My mother and father would never let me keep a dog, but they let me take care of a bear cub.
The cub had the blackest fur, soft and coarse to the touch. It was about three or four weeks old and hardly weighed more than a sack of beans. It arrived in a portable dog carrier, gnawing at the wire mesh. “The critter’s hungry,” Keys said as he took it out of the cage.
Jack “Call me ‘Keys’” Largo, my father’s friend from the States, had brought the cub to the Panama Café. The cub, he told us, had lost its mother. He just couldn’t leave it in the woods. It wouldn’t survive a week. So he wrapped it in a blanket and brought it from his camp in Corbeil.
At first, the employees at the Panama Café were all excited to see a real live bear. The waitresses said that we should name it “Winnie the Pooh” or “Paddington.” It was cute and cuddly. Then it peed: the urine was hot, smelly, and there was a lot of it.
One of the cooks offered the cub a carrot. I said that bears liked honey, and I was going to get it some. Someone brought out a dish of milk, and the cub took to that when Keys put him down on the floor. I took the opportunity to pet the cub. It lunged at me.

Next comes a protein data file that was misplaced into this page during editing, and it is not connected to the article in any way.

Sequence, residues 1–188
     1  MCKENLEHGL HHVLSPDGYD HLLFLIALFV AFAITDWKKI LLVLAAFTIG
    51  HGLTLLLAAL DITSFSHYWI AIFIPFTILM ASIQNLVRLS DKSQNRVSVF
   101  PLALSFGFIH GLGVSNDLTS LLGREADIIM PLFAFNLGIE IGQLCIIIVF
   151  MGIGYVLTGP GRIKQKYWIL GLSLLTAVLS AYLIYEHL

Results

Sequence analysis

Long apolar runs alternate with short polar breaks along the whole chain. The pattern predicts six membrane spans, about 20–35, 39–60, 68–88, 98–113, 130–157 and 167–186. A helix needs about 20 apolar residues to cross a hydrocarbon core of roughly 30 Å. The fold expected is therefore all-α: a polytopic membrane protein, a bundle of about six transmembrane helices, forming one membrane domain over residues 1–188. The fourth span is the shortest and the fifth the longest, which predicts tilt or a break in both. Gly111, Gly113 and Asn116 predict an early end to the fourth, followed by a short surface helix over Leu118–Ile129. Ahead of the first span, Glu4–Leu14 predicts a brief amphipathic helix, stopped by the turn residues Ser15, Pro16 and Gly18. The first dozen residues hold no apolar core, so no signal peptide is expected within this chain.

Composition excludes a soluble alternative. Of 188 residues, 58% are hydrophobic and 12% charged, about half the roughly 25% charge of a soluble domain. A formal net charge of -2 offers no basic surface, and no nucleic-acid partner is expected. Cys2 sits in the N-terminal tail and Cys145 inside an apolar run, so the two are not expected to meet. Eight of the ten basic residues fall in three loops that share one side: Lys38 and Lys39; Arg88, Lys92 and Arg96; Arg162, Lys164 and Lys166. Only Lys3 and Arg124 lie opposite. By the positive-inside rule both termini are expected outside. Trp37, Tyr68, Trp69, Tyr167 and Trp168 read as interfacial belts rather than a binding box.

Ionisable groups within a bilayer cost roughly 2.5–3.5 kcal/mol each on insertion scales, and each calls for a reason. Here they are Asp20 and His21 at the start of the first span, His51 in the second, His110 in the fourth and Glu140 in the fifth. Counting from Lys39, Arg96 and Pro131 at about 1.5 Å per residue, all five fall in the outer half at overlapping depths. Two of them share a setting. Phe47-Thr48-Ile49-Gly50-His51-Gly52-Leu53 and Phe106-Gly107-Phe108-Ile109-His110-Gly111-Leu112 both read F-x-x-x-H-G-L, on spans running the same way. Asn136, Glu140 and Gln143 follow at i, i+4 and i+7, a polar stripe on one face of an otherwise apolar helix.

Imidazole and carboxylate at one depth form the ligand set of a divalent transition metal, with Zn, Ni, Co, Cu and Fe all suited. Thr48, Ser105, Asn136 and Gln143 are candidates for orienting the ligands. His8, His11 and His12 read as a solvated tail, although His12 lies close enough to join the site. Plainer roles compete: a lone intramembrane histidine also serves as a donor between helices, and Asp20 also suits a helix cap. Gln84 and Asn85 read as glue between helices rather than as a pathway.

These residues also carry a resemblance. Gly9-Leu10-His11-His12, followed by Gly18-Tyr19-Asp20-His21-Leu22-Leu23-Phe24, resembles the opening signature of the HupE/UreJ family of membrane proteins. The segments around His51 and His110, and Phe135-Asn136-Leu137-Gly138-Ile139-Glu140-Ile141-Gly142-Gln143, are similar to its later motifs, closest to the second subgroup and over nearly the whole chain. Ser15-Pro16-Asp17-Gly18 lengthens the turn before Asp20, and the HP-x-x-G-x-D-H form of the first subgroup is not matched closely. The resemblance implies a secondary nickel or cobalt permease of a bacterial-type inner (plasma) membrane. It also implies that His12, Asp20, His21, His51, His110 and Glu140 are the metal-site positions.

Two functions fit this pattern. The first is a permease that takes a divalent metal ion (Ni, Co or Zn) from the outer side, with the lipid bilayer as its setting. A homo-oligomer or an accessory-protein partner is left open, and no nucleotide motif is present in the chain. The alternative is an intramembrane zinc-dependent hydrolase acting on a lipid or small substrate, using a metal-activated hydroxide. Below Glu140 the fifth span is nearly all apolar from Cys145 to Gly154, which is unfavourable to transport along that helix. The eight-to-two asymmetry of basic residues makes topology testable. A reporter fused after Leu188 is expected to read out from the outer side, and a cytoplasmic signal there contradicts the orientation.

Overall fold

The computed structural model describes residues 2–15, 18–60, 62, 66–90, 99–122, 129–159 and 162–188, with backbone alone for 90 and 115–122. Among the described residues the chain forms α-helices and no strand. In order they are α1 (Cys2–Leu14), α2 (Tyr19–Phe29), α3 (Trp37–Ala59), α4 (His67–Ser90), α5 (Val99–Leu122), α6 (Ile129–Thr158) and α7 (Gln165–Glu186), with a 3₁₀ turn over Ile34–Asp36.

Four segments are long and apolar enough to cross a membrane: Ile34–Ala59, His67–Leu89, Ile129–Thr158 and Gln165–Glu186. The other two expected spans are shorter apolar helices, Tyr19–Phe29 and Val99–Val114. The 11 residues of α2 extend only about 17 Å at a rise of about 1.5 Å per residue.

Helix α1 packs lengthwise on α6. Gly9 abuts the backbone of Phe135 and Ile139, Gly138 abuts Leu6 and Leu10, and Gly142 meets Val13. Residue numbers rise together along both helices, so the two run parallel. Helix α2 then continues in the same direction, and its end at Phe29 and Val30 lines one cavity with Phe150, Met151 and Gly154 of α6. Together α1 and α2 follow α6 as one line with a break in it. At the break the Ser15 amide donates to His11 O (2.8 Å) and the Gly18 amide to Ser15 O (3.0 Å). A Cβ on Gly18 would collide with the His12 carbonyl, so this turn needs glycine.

“Be careful,” my mother warned me in Chinese. “Don’t get too close.”
“Just a baby,” my father said. “Can’t do much harm.”
“It can bite and claw,” my mother said to me. “Someone will have to mop the floor. Bear piss stinks.”
My father, Joe Ko, met Keys during one of his fishing trips. It was at the beginning of the Second World War, just after Pearl Harbor. The white population in this small town in Ontario couldn’t tell a Chink from a Jap then, and a few of the locals at the wharf confronted my father. Keys was from Pensacola, Florida and stepped in to break up a situation that was quickly changing from mouthing off to pushing and shoving. The American had the size and rugged look that said he knew what to do in a brawl, but according to my father, Keys sent them packing without throwing a punch. For that, my father was eternally grateful to him.
Keys would come up to his camp in Corbeil for a few weeks at least twice a year to hunt, fish, and get away from his wife. When my mother and I landed in Canada, Keys gave me a teddy bear. He promised that one day he would bring me a real teddy bear. At the time, everyone laughed. No one expected anything of it.